Although the electrical disconnection between the left atrium (LA) and pulmonary veins (PVs) by radiofrequency catheter ablation has been proven to be effective in controlling atrial fibrillation (AF), the recurrence rate is higher in patients with persistent AF (PeAF) than with paroxysmal AF (PAF). We hypothesized that the origin of the atrial premature beats (APBs) that trigger AF and the pattern of their breakthrough into the LA differ between PAF and PeAF.Methods
We mapped 75 APBs (53 APBs triggering AF, 22 isolated APBs) from the LA and PVs in 26 patients with AF (age: 49.5 ± 9.6, males: 23, PAF = 17, PeAF = 9), using a noncontact endocardial mapping (NCM) system. The location of the preferential conduction (PC) sites and their conduction velocity (CV) were compared.Results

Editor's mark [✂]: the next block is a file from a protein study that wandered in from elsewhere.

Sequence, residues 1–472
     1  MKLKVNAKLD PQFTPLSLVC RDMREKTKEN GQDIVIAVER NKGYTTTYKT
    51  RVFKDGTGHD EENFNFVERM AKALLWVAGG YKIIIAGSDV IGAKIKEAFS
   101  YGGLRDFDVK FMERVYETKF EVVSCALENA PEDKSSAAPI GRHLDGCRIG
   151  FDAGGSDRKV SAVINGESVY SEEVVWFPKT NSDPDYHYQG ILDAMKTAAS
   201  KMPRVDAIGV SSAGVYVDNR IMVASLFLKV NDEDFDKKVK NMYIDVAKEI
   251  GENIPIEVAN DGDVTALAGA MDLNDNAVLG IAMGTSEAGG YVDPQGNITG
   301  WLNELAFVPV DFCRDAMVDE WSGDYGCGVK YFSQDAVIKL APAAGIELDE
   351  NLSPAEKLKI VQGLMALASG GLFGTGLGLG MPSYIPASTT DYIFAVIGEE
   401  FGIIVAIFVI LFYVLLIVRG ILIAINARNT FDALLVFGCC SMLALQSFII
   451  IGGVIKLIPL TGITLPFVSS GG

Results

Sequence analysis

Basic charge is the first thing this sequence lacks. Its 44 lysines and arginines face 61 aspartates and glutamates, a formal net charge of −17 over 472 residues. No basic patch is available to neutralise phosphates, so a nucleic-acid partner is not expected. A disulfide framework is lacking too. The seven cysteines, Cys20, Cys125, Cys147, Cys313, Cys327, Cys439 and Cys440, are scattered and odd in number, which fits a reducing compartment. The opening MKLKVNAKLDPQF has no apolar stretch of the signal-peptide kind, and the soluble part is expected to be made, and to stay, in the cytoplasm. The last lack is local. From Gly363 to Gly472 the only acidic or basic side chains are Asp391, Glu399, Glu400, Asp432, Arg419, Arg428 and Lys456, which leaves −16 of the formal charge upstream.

In patients with PeAF, the earliest activation (EA) site and exit of the PC were more frequently located on the LA side of the LA–PV junction as compared with PAF (P < 0.001). Eighty-one percent of the PCs were located in the area between the left and right superior PVs. The incidence of PCs was similar between the PeAF and PAF patients (P = NS). PCs were more commonly found with APBs inducing AF (63.3%) than with those not inducing AF (35.2%, P = 0.01). The CV of the PC was slower for PeAF than PAF (P < 0.001). The CV in the LA during sinus rhythm was also slower for PeAF than PAF (P < 0.01).Conclusion
PeAF was more frequently triggered by APBs from the LA side of the LA–PV junction than PAF and resulted in slower conduction than did PAF. These findings may help explain the higher potential for recurrence after electrical PV isolation in patients with PeAF.